2011 marks 30 years since the establishment of the Gulf Cooperation Council (GCC), the organisation made up of the six Arab monarchies of the Gulf region. Originally a geopolitical response to the Khomeinistic revolution and the following Iran-Iraq war, it became then a more integrate and cohesive regional bloc, although the process of integration has developed very slowly, characterised by latent political splits.
The Arab Spring gave a new political lifeblood to the GCC as it became a sort of conservative bastion of stability against revolution: with the direct Saudi intervention in Bahrain, a member state, and the opening to the possibility for Jordan and Morocco to join the organisation, although they are not Gulf Countries at all from a geographical point of view. Bahrain called also on Egypt to join the GCC.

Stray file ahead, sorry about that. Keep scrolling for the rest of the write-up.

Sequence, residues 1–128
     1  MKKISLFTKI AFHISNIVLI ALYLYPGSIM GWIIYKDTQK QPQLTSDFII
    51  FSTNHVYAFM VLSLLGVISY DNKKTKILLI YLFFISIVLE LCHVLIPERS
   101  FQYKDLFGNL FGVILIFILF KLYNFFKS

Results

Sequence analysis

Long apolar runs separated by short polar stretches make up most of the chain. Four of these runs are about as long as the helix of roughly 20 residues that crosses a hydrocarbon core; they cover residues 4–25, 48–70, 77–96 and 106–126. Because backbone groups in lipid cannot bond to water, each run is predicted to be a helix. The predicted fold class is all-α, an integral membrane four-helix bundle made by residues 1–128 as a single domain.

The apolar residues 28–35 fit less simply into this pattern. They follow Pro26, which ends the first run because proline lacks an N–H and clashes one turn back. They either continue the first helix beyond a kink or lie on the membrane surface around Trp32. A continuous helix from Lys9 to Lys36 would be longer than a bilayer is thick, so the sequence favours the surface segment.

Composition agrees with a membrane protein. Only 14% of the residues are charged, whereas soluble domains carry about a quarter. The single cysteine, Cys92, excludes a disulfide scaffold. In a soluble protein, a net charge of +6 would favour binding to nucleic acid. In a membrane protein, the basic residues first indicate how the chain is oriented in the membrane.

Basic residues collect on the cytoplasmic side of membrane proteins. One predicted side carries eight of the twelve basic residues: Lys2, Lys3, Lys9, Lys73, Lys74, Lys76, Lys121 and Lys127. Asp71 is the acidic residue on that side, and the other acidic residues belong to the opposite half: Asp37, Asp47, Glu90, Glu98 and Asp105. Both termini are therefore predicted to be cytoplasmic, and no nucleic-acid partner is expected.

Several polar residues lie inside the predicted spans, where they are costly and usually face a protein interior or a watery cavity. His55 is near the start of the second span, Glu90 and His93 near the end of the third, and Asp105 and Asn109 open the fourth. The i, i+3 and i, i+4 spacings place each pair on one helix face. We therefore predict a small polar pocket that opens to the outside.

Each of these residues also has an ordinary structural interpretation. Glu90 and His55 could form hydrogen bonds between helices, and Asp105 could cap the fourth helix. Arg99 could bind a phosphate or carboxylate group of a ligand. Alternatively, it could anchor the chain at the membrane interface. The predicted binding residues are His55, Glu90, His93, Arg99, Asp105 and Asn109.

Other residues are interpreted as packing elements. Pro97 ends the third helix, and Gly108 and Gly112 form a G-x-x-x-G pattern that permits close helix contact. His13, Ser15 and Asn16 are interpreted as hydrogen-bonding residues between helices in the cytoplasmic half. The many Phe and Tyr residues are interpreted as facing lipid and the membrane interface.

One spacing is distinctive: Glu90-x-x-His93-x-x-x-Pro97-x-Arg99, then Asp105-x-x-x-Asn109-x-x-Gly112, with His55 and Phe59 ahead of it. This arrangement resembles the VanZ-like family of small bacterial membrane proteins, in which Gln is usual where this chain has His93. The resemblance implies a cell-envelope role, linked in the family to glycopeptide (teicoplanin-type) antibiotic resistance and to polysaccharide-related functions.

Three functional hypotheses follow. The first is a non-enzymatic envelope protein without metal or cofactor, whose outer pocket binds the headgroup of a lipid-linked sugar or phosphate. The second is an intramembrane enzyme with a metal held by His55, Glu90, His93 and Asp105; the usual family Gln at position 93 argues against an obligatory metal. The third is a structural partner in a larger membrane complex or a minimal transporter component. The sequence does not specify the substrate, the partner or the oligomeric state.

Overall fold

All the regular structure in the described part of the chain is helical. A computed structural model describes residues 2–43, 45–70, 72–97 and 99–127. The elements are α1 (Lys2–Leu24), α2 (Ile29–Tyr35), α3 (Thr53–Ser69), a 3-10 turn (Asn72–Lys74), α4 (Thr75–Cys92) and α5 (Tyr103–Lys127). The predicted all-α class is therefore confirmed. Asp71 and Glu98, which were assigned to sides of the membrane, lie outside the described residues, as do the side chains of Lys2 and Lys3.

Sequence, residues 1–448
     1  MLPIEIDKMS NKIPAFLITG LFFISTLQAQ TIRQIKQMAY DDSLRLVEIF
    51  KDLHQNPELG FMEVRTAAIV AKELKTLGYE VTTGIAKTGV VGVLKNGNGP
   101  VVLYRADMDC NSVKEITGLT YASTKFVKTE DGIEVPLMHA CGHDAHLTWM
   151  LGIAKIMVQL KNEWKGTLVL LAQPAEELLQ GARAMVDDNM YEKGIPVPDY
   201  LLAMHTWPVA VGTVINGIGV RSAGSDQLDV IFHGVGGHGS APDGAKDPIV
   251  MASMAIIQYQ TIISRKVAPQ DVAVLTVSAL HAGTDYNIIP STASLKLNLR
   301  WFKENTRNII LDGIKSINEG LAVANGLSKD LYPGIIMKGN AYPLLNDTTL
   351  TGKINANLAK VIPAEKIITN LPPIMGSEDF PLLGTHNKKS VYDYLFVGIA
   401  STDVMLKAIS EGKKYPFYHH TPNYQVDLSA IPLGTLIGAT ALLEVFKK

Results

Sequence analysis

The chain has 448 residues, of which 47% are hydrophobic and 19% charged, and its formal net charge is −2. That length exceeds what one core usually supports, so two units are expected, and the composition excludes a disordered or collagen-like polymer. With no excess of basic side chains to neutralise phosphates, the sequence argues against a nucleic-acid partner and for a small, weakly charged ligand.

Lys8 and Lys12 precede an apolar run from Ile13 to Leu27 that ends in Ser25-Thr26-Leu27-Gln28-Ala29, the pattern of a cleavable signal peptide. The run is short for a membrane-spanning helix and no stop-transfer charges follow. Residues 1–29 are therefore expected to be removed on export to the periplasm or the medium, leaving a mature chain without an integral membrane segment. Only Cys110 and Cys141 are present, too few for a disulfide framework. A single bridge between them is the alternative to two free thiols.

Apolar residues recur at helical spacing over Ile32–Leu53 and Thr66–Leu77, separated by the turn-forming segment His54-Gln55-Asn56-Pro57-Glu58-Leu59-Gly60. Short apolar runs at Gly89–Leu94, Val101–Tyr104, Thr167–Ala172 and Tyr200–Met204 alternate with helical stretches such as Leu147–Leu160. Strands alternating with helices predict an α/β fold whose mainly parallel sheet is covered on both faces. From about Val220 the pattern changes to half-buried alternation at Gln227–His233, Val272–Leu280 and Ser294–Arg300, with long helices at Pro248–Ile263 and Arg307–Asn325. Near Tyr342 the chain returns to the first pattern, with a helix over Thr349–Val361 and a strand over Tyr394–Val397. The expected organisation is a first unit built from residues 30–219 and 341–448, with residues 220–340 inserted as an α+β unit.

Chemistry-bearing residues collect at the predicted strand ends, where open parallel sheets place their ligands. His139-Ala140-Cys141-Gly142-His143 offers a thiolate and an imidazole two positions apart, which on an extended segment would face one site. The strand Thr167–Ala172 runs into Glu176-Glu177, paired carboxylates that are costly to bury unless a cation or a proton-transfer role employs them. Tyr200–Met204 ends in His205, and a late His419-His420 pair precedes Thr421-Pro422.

In this proposed enlargement of the geographical scope of the organisation, all the very geopolitical conceptual roots of the GCC are visible: bringing together all the monarchies against the revolutionary movements in the wider region , recalling its original anti-revolutionary rationale, and the geopolitical obsession to contain Iranian power, and it is not a case that Bahrain sponsors Egypt as new member of the GCC. Egypt is the most important Arab power from a geopolitical point of view and bringing Cairo in the GCC will be an enormous geopolitical asset to contain and counterbalance Tehran, above all considered that Iran will be the main beneficiary of the announced American withdrawal from Iraq and will likely increase its influence in this space, fundamental for the geopolitical balances of the entire region given its geographical and historical centrality.